Yeah, yeah, yeah: We all know it’s politically correct to predict warm and fuzzy things for the New Year. So if your fruitcake would be crumbled by a more realistic look at what restaurants can expect in 2016, jump over to YouTube for some videos of kittens. You can probably find one where they’re frolicking with a baby chimp.
The rest of us are going to consider some of the darker developments the industry could confront in the year ahead.
One of you is likely to be unionized
Labor made such jaw-dropping advances in 2015—helped in no small part by government—that some multi-unit employer may well be rope-a-doped into a corner this year. Organizers will turn the chain or multi-concept group into a test case, mustering boodles of money, publicity and effort to win one high-profile battle.
The unions will regard the victory as the first of many dominos to fall in quick succession.
Ironically, the initial target is likely to be McDonald’s, one of the industry’s best employers. The chain’s reputational baggage doesn’t match what it’s done in training America’s workforce and extending a rung of the ladder to the underprivileged. Remember, it’s one of the company’s that pledged to voluntarily raise its wages and expand its educational benefits.
Food safety concerns could have restaurants heaving
Thanks, Chipotle. By failing to do whatever was necessary to stop making customers sick—while crowing the whole time about how much the brand had done to keep guests safe—you strained the public’s confidence.
The industry can only hope the worriers don’t see the lurking danger in serving fresh, untreated foods, as the industry is striving to do as a matter of course.
There really is a wolf this time
It’s commonplace for the industry to predict dire consequences if any number of new responsibilities or costs are foisted on the business by government. “If ____ (fill in the blank with any significant burden, from Obamacare to the ADA) should happen, you’re going to see whole legions of restaurants going out of business.”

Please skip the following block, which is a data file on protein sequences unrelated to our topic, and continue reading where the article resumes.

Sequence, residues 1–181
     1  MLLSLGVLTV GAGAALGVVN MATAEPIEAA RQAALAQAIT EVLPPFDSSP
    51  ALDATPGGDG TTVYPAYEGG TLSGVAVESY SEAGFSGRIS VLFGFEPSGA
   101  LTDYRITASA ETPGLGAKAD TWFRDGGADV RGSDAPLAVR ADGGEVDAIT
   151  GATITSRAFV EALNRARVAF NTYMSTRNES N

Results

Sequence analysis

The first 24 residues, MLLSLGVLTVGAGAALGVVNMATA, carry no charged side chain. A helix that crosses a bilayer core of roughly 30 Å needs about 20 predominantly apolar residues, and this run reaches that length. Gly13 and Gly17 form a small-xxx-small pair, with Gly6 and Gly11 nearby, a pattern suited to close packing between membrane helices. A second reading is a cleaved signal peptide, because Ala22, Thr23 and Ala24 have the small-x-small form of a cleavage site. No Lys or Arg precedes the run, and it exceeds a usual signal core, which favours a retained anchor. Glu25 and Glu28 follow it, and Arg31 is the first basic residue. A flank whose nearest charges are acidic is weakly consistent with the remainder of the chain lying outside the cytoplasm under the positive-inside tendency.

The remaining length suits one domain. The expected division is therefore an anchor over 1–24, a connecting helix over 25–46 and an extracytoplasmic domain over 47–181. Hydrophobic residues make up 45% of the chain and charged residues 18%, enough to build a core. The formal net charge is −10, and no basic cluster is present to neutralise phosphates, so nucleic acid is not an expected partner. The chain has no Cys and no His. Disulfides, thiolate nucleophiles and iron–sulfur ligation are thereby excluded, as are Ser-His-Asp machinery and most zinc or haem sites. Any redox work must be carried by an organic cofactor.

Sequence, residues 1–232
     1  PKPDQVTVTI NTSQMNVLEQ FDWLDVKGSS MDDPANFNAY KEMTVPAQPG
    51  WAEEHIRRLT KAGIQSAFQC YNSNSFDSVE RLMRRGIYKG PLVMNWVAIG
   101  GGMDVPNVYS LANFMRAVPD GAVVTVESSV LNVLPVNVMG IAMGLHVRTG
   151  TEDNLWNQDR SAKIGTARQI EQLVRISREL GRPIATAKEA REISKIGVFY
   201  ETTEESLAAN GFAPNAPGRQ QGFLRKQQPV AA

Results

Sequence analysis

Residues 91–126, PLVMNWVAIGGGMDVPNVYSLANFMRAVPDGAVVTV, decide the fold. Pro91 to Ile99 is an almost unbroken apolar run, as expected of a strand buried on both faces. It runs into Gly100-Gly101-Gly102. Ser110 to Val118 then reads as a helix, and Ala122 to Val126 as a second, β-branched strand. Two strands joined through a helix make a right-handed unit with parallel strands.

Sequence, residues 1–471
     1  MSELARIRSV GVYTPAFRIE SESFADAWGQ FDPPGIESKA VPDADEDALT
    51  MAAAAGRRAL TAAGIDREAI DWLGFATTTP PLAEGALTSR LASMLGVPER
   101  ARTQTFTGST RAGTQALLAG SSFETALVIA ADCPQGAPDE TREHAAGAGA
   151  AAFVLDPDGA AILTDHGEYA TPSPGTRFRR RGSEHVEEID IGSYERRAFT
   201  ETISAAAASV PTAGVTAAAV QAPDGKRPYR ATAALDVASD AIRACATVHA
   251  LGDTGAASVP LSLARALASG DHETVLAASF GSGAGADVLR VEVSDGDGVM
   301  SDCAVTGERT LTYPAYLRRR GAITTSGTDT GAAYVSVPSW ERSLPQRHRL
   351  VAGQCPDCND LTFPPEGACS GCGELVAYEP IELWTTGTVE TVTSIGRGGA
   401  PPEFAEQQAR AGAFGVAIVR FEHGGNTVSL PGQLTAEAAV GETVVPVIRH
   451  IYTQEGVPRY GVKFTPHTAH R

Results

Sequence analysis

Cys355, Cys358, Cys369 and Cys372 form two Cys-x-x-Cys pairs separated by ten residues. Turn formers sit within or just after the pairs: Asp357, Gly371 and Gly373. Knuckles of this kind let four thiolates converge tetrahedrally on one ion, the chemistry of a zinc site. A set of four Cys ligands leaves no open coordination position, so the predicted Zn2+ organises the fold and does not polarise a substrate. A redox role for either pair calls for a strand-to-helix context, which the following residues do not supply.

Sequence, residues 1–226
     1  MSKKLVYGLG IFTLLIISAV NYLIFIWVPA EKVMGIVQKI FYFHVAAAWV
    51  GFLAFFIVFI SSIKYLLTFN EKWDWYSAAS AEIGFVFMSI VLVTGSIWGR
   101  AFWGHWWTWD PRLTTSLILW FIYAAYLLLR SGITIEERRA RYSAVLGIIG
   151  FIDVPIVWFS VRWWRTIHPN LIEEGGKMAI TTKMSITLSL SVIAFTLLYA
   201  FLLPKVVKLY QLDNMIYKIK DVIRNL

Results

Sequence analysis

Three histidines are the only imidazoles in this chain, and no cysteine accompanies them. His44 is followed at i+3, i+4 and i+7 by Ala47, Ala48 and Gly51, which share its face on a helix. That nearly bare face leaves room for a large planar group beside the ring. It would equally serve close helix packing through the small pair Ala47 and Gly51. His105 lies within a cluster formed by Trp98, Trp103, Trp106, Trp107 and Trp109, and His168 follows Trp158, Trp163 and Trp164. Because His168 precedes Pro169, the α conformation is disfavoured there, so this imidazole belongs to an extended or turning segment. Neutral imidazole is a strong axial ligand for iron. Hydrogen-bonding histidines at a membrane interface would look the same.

This time, it may not be crying wolf. Labor costs are increasing in such big jumps that the body blow is real. Add the wallop of healthcare costs, blend in such additional benefit-related expenses as paid sick leave, and finish off the finance department’s nightmare with the reclassification of managers as employees entitled to overtime.
And did we mention the whole dilemma about how to handle tipping when laws and litigation have turned that mode of compensation into a minefield?
This time around, plenty of restaurants will throw in the napkin—not because they can no longer be profitable, but because the business is just too difficult. Operators of long-successful restaurants sitting on valuable pieces of real estate will cash in and quit the grind.
Like a cranky old person, restaurants are likely to complain in 2016 (and beyond) that it’s either too hot or too cold, too rainy or too dry, too snowy or too temperate. The issue isn’t comfort, but the weather’s effect on sales, a dynamic that will become more pronounced (and lamented) unless the extreme conditions of recent years prove a blip. Places that rely on extremes—skiable snow or bone-baking sunshine—may have the toughest times. Why trek to a beachside resort when its restaurants and other attractions are underwater?
More menu mandates
Just when the industry is set to comply with the menu-labeling mandates that take effect Dec. 1, regulators will up-end the prep with a few more requirements. This time, it’s to address the public’s concerns about GMOs and what’s natural vs. organic vs. unprocessed. There have already been attempts to mandate the disclosures—on retail products so far, not restaurant items—in several states.
Bonus (and related) prediction: ABF, as in antibiotic free, will become a buzz term as widely recognized as GMO.